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Event
International Observatory for Cultural Heritage
Exhibition

War and Art: Destruction and Protection of Italian Art during WWI

The monument of Bartolomeo Colleoni transferred to the Palazzo Venezia in Rome (Rome, 1917)
  • The monument of Bartolomeo Colleoni transferred to the Palazzo Venezia in Rome (Rome, 1917)
  • Inside the Canova Gypsum Museum after the bombing (Possagno, 1918)
  • The bronze horses of Basilica San Marco arriving at the railway station in Rome (Rome, 1917)
  • Transportation of the gypsum statue of George Washington by Canova after the museum was bombed (Possagno, 1918)

The International Observatory for Cultural Heritage marks the 100th anniversary of the U.S.A.'s entry into World War I with a photo exhibition documenting the protection of Italy's cultural heritage in the war years. To safeguard vulnerable works of art, soldiers and workers set up masonry supports for buildings, braced statues with wood planks, padded monuments with sandbags, wrapped delicate marble columns in wool, laid mattresses over frescoes, and—where possible—shipped paintings and statues to safer locations.

Italy’s national heritage was immediately mobilized as a propaganda tool, with photographs documenting protective efforts and also war damage to paintings, frescoes, and churches.

Curated by
Marco Pizzo (Museo Centrale del Risorgimento)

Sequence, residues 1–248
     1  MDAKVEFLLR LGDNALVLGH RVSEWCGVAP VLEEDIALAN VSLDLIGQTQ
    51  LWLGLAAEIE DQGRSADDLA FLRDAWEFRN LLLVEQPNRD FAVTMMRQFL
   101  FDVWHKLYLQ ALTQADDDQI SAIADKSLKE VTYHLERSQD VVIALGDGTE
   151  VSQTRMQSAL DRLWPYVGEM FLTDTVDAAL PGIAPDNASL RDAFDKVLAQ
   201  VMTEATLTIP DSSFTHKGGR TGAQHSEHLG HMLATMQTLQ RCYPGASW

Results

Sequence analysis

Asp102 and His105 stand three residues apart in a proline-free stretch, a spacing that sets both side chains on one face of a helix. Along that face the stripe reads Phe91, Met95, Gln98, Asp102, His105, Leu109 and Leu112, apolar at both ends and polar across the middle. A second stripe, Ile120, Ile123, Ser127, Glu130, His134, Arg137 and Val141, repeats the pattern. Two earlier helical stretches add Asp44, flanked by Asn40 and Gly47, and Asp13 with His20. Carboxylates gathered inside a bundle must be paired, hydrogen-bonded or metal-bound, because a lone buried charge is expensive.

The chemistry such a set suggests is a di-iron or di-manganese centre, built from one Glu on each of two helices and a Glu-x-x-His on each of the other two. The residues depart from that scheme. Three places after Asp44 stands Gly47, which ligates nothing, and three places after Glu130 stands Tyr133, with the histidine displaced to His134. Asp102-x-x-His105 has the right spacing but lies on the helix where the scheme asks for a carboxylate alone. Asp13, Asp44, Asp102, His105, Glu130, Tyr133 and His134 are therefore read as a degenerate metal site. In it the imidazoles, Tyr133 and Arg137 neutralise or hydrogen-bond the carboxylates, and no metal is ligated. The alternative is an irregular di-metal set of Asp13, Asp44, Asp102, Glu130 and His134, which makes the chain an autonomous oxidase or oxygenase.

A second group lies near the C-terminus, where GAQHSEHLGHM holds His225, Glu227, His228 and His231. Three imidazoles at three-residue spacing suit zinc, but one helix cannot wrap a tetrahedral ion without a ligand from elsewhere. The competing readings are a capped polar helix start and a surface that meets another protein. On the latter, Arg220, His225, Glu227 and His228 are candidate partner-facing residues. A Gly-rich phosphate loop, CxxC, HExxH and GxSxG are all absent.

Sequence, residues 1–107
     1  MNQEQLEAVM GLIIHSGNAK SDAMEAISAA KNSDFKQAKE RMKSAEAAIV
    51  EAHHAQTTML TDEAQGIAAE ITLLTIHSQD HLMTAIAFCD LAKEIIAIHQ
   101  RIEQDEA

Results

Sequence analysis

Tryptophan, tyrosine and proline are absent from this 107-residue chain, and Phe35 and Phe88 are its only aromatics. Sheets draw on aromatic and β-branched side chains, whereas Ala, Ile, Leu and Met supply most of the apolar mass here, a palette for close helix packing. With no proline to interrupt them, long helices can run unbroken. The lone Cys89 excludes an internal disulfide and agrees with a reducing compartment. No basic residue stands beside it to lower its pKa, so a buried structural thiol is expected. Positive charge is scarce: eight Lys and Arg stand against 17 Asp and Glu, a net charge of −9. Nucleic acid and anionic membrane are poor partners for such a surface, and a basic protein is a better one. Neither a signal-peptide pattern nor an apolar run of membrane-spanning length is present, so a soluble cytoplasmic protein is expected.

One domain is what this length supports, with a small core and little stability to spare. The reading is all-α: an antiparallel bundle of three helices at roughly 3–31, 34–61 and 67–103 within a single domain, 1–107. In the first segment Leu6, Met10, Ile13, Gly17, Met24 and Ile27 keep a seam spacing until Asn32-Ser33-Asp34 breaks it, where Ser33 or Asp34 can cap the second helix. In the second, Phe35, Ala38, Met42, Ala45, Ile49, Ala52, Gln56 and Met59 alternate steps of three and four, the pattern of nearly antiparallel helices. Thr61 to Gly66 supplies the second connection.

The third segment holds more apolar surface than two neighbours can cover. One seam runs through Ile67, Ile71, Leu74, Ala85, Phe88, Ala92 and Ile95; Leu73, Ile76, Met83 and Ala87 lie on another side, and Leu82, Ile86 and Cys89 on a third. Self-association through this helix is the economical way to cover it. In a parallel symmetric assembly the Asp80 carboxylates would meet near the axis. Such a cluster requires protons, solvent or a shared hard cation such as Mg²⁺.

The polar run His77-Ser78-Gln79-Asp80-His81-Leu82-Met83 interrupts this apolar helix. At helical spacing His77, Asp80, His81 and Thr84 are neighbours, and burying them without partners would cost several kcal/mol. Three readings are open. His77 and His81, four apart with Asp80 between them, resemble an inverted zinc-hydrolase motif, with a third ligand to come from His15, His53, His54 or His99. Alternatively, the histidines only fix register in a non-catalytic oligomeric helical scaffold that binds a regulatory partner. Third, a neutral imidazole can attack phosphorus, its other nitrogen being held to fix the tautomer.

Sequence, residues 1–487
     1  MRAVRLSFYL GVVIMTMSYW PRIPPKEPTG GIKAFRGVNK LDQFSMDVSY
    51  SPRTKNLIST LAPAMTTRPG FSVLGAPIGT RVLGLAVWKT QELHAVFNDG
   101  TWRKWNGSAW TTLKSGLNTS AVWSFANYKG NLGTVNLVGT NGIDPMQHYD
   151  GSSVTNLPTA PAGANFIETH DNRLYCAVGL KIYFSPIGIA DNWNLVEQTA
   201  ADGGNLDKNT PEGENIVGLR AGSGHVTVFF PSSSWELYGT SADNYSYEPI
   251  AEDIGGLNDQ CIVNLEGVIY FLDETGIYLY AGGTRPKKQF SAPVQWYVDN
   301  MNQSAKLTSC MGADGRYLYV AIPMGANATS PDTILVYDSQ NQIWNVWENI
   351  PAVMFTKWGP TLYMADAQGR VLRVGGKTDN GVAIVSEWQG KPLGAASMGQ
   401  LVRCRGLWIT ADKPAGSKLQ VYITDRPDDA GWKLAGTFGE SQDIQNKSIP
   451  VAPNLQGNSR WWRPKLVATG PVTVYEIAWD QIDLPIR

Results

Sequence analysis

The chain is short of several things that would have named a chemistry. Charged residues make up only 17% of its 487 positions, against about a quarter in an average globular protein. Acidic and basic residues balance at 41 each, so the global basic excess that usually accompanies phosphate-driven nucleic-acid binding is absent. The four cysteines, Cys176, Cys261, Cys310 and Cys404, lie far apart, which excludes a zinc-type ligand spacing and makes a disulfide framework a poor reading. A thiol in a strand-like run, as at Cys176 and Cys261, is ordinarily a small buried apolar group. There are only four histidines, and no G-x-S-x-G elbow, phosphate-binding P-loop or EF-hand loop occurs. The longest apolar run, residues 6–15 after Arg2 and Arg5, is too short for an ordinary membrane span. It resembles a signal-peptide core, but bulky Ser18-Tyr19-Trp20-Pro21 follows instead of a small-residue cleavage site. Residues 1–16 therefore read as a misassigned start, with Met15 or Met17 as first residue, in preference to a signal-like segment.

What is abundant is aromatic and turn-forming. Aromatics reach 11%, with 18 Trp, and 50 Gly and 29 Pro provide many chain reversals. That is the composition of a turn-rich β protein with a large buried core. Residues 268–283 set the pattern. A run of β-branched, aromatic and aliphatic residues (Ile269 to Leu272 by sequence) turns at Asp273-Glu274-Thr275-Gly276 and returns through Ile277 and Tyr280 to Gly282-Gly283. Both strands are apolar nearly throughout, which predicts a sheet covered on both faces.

Renato Miracco (Cultural Attaché, Embassy of Italy, Washington DC)

Conceived, organized and produced by
The Embassy of Italy in Washington DC
Istituto per la storia del Risorgimento italiano, Museo Centrale del
Risorgimento di Roma

With the support of
Armando Varricchio, Ambassador of Italy to the United States
Renato Miracco, Cultural Attaché
Centenario Prima Guerra Mondiale 2014/2018
Presidenza del Consiglio dei Ministri
World War I Centennial Commission
National World War I Museum at Liberty Memorial
Italian Cultural Institute in Washington DC

Image #1: The monument of Bartolomeo Colleoni transferred to the Palazzo Venezia in Rome (Rome, 1917)
Image #2: Inside the Canova Gypsum Museum after the bombing (Possagno, 1918)
Image #3: The bronze horses of Basilica San Marco arriving at the railway station in Rome (Rome, 1917)
Image #4: Transportation of the gypsum statue of George Washington by Canova after the museum was bombed (Possagno, 1918)

Author: Photocinematographic, Dept. of the Royal Italian Army
Photographic prints: Marcello Leo
All photos are from the archives of the Museo del Risorgimento, Rome

Event Date 
Mon, Oct 16, 2017, 9:30 am to Tue, Nov 21, 2017, 4:30 pm

Gallery is open weekdays, 9:30am - 4:30pm

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